Many Christians are complaining about the rise of the cancel culture in our nation. But there is also a cancel culture in the church. Some of the prophetic voices, such as Jeremiah Johnson and R. Loren Sanford, who admitted their error, are experiencing this cancel culture like never before.

If you speak contrary to what is popular in the prophetic movement, you risk being canceled as a conference speaker, being invited to prophetic round tables and prophetic council meetings, and losing book sales, influence, donations, and followers.

4. How could so many have been so wrong? Is this an example of God sending a strong delusion to His people who don’t love the truth (2 Thess. 2:11)? Do you believe God sent a lying spirit upon the prophets?

I do believe a lying spirit has infiltrated into the modern-day prophetic movement.

When Micaiah saw a vision of the Lord’s prophets, he witnessed the Lord “put a deceiving spirit in the mouth of all these your prophets” (1 Kings 22:23). Notice carefully it wasn’t the devil who deceived the prophets. The Lord sent a deceiving spirit to the prophets. The result: They falsely proclaimed breakthrough, prosperity, and success to the king.

Before you quickly dismiss this event, since it occurred under the Old Covenant, consider what Paul said in the New Covenant. Writing to the Thessalonians, Paul said, “God will send upon them a deluding influence so that they will believe what is false” (2 Thess. 2:11).  I don’t know about you, but this verse is sobering to me.

When I hear some of the words coming from the modern-day prophetic movement, I am convinced this same dynamic is at play. It appears a deceiving spirit has infiltrated the modern-day prophetic movement.

After praying about this deception, I will summarize what I believe is happening.

There is a tribe in the body of Christ who are like Peter when Jesus was going to the cross. Peter, for selfish purposes, because he wanted an earthly Messiah to defeat Rome and make Israel great, tried to hinder Jesus from going to the cross. His mind and heart where not set on Christ but himself. Not on heaven but on earth.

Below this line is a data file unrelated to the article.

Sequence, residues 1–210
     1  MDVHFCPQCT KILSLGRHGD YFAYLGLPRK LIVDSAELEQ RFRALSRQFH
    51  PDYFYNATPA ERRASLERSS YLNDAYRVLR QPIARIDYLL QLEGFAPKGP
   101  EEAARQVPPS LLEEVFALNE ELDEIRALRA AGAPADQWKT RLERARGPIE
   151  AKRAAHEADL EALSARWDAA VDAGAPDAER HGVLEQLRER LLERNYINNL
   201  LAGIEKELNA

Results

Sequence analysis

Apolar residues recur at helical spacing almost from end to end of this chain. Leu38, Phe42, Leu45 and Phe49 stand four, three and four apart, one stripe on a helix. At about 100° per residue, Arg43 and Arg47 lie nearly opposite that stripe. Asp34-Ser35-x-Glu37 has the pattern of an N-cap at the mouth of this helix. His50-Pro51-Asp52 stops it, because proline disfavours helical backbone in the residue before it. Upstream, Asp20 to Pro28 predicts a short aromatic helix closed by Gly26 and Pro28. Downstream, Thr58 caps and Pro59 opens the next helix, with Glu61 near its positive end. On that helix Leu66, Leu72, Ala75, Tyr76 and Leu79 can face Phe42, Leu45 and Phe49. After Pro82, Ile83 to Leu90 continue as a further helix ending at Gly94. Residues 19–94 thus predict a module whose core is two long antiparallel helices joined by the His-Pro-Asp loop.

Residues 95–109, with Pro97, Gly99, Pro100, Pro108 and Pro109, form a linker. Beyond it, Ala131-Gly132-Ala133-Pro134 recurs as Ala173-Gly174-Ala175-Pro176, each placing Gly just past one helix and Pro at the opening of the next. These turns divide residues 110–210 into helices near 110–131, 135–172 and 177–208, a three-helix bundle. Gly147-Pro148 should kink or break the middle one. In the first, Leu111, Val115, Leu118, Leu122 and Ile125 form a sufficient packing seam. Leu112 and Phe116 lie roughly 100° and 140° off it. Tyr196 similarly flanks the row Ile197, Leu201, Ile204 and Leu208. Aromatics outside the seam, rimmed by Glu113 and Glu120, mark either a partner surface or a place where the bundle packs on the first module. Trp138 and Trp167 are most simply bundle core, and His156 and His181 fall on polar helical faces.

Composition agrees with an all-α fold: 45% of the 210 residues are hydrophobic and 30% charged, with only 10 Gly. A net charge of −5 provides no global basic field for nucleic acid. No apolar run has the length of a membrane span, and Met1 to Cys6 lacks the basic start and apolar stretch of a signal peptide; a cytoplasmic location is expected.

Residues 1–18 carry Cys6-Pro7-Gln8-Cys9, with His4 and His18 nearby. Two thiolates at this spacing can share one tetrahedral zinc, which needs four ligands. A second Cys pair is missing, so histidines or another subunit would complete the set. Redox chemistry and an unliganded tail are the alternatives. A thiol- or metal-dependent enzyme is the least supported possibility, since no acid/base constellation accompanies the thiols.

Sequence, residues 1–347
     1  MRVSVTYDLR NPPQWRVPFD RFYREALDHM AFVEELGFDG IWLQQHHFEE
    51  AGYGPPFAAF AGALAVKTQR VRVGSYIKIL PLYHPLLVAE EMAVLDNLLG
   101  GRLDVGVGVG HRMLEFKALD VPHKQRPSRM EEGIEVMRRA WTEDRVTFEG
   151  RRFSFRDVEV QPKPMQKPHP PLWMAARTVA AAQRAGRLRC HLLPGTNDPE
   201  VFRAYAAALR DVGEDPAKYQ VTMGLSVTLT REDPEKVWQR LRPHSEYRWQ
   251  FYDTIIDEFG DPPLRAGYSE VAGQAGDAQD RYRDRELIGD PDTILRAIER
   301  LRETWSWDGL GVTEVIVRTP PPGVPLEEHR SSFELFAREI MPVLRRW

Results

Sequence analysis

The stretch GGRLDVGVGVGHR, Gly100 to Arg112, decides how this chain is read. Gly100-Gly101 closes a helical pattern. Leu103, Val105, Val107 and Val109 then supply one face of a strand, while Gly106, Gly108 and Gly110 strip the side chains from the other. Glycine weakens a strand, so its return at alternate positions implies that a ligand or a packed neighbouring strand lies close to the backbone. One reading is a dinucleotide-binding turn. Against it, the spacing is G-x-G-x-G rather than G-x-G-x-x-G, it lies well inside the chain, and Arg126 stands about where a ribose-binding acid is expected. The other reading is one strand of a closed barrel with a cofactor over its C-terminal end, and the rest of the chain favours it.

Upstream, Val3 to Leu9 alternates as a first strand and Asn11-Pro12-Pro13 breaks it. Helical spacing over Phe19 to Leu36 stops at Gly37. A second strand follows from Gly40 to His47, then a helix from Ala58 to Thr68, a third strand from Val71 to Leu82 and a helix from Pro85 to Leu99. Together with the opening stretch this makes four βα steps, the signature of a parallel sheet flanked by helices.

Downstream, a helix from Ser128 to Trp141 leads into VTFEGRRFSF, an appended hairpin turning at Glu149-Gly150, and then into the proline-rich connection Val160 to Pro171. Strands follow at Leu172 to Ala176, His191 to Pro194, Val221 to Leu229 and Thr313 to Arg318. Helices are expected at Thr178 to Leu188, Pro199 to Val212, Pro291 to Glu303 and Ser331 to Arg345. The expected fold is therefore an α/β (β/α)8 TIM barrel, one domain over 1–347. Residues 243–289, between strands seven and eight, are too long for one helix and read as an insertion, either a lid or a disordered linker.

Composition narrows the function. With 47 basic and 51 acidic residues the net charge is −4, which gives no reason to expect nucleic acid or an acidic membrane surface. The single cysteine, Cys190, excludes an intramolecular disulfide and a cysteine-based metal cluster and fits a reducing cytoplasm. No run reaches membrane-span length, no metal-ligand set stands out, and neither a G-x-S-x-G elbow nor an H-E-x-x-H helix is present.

And what seemed like compassion—trying to prevent Jesus, whom he loved, from dying—was actually Satanic.

This tribe is like Peter. They love and serve the Lord. They move in miracles and God is using them. But they want glory before the cross. They want a crown before crucifixion. They want heaven before tribulation.

And like Peter, they have become a voice of mixture that is confusing the church. Because their hearts are set on an earthly kingdom—on heaven coming to earth in fullness apart from Christ being on the earth—a door has opened for deception.

Self-interest—due to the absence of the cross and self-denial—has brought in soulish mixture and demonic deception.

Some are saying peace, peace when there is no peace. Some are trying to superficially comfort God’s people.

If this could happen to Peter, it can happen to anyone of us. I want to live in the fear of the Lord. I don’t want any selfish motive or selfish ambition to dilute the pure word of the Lord.

My Closing Appeal

Let’s not build our lives upon the prophetic words of modern-day prophets. Instead, let’s build our lives upon the tried, tested, and proven Word of God. Let’s go deep into Scripture and construct our lives based upon what we know will never fail.

As Isaiah said, “The grass withers, the flower fades, but the word of our God stands forever” (Isa. 40:8).

In Part 2 of this article, I will answer the remaining questions I didn’t have time to answer.

Bryan Kessler